NCR Today

Morning Briefing


John Jay report in hand, Catholic group calls for end of church gay bashing


Equally Blessed coalition leader Jim FitzGerald released the following statement today about the John Jay Report.

“The John Jay College Final Report issued yesterday does faithful Catholics good service by discrediting the ungrounded, homophobic accusations of the Catholic League's Bill Donohue and others that the church’s clergy sex abuse scandal was caused by gay priests. Now that research commissioned by the bishops themselves has shown Donohue’s rhetoric to be based in prejudice rather than in fact, we call on the US Conference of Catholic Bishops to speak out on the side of truth when Donohue and his allies perpetrate homophobic slurs in the name of Catholicism.

A Reflection on a Justice Still Too Raret


As I watched the story of the former head of the International Monetary Fund (IMF), Dominque Strauss-Kahn, unfold, I was first struck by stark contrasts. He was pulled out of a first class cabin of an international jet (after having spent the night before in a super luxurious hotel room) to face charges of rape, and then imprisonment at Riker’s Island.

Kidney donation starts altruistic chain


Earlier this week I posted a blog on the tragedy of the illicit human organ trade.

Perhaps a counterweight to that story is this story about a New Jersey woman who donated her kidney to a person whom she did not know and was in need of a kidney. This act of kindness caused at least two other donors to come forward and donate a kidney.

Melissa Arlio is an upbeat, healthy 26-year-old from a big Italian family in Wayne, NJ. She grew up playing sports and ran her first marathon in 2009. With nothing to gain and a good deal to lose (namely, her job) Arlio elected to undergo surgery and donate one of her kidneys to a complete stranger last March. She did so in order to start an altruistic kidney chain through the National Kidney Registry.

South Tyrol: Vatican expresses reservations about confirming at age 18


The Pray Tell blog has an entry about a diocese in Italy changing the age of confirmation from 12 to 18:

Rome, 5.17.11 (Kipa) The Vatican has temporarily delayed plans of the diocese of Bozen-Brixen in south Tyrol to raise the age of confirmation from 12 to 18. The Vatican Congregation for Divine Worship has written a letter to Bishop Karl Golser asking for further information about the pilot project planned for this fall, as the diocese has confirmed to Kipa.

The letter states that the sacrament should be administered "at the age of discretion," with reference to the prescriptions of the Italian bishops’ conference which foresee confirmation "around the age of twelve."

Read more here.

On this day: St. Dunstan


On this day we celebrate the feast of St. Dunstan, "an Anglo-Saxon churchman in England in the tenth century, who began as a monk. He began as a youngster as a monk in the Abbey of Glastonbury, and progressed because of his zeal and learning and ability, eventually to become not only Bishop of London and Bishop of Worchester, but finally Archbishop of Canterbury. He also became a great friend of the King, and was sometimes entrusted with royal powers when the King would be out of the country or perhaps out fishing. But in any case, Dunstan was formidable. He was a statesman. He was an artist. He drew beautifully in the style of his day. He was a worker in metals. He did black smithing. He cast bells. He built organs. He was an engineer and understood architecture. He was a Renaissance man."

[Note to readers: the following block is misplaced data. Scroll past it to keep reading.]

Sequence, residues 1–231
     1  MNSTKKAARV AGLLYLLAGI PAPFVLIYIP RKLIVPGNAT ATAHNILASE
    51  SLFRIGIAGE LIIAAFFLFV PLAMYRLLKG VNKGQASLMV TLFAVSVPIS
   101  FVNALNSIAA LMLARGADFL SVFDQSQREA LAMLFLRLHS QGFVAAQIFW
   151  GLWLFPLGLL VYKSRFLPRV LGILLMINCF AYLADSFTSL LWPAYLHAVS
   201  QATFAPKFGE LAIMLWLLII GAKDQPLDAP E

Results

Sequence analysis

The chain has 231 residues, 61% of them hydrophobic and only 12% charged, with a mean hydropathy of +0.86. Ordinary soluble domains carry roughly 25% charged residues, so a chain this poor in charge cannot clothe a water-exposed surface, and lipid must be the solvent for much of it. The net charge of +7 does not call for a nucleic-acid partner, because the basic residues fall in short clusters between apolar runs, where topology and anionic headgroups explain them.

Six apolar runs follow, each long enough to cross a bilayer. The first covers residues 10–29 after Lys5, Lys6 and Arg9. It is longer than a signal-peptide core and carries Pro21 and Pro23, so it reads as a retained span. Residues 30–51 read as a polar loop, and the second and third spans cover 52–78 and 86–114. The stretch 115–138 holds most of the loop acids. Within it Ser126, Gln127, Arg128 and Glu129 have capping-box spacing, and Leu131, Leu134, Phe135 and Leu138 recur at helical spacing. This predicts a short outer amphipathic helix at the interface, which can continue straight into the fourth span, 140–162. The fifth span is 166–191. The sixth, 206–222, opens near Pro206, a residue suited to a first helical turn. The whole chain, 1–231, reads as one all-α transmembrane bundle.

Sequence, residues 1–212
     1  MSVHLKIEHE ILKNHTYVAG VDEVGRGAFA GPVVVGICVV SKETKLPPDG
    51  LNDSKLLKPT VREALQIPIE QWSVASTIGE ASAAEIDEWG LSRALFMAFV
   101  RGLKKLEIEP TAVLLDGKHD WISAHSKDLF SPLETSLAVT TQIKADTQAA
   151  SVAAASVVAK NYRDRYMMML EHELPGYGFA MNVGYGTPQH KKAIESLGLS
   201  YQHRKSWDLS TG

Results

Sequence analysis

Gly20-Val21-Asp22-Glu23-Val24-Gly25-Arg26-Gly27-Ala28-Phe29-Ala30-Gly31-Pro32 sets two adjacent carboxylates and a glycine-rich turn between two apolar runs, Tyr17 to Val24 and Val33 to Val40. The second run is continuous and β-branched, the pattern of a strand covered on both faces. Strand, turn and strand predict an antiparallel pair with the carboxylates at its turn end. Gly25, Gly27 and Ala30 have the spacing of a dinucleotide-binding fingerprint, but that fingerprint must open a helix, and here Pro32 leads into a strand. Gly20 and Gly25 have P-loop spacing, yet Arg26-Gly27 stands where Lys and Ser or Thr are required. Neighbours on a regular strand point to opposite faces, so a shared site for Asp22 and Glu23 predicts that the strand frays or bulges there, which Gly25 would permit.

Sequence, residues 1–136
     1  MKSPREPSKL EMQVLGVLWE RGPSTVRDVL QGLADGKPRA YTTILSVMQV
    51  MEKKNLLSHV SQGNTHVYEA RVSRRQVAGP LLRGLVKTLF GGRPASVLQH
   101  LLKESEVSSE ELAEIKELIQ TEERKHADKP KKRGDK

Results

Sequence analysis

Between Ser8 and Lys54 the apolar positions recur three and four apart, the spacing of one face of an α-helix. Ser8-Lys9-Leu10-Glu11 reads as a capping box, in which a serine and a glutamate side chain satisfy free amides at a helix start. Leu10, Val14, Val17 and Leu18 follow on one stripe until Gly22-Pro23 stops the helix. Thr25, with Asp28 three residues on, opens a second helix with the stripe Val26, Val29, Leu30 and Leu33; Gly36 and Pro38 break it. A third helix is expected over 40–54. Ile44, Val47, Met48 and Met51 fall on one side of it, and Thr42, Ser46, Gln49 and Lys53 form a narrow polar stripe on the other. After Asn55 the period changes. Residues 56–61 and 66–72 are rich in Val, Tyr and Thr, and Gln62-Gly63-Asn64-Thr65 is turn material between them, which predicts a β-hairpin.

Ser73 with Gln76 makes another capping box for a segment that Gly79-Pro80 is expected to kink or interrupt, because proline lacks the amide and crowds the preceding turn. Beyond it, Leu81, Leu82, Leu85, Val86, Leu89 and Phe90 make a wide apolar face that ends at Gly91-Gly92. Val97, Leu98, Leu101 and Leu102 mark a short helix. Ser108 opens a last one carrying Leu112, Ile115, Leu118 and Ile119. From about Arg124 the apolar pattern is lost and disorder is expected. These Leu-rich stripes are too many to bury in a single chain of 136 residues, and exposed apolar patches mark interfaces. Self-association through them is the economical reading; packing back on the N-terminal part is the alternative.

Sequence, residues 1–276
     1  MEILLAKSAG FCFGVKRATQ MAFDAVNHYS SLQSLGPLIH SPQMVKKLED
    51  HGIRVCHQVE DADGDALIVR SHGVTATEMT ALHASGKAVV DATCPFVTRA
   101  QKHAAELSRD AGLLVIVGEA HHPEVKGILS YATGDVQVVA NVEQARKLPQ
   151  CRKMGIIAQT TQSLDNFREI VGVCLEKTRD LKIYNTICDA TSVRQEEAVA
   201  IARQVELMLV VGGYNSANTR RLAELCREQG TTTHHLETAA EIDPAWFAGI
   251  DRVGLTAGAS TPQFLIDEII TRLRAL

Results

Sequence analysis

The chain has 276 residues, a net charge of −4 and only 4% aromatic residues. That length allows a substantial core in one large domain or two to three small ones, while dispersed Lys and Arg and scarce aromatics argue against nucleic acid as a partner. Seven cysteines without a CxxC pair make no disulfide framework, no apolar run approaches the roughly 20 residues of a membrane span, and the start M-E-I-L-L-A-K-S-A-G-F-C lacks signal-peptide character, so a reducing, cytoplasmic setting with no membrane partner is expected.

--from a 2001 Lecture by Rowan LeCompte, the great stained glass artist who created many of the windows in the National Cathedral, including the west rose window.

Richard Sipe on the John Jay report


A. W. Richard Sipe, a clinical mental health counselor who earlier spent 18 years as a Benedictine monk and priest, has been a long time critic of the way our church has handled the sex abuse scandal. His credentials for knowledge of the subject are solid. He has spend some 25 years studying the celibate/sexual behavior of the clergy population and is considered one of the leading experts in the field.

An ocassional contributor to NCR, I take his opinions seriously, as do many others who have followed this tragic story. So his views on the John Jay report, released yesterday, should be considered as significant. In an email I received from him, this is what he writes:

This is an important study because it outlines the geography of the Catholic Church’s problems with human sexuality as they impact its clergy. It shows how the church wants to be perceived: A preponderance of the data comes from church records.

  • It points to the areas about the priesthood that still need exploration.

Which letter would you send to the pope?


About two weeks back, Phyllis Zagano, one of our NCRonline columnists, published a public letter to Pope Benedict XVI.

You may remember it. The headline read: Your Holiness, it is time for women deacons.

Zagano, who is a professor and a senior research associate-in-residence at Hofstra University, urged the pope to "make a decision" about whether women deacons will be allowed to serve the church.

Now, another professor has also written a public letter to the pope.

Daniel G. Van Slyke's headline? Your Holiness, It Is Time for a Theologian Who Is Not Clamoring for Women Deacons to Write an Open Letter to You.

Van Slyke, who is an associate professor at Kenrick-Glennon Seminary, writes:


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In This Issue

June 16-29, 2017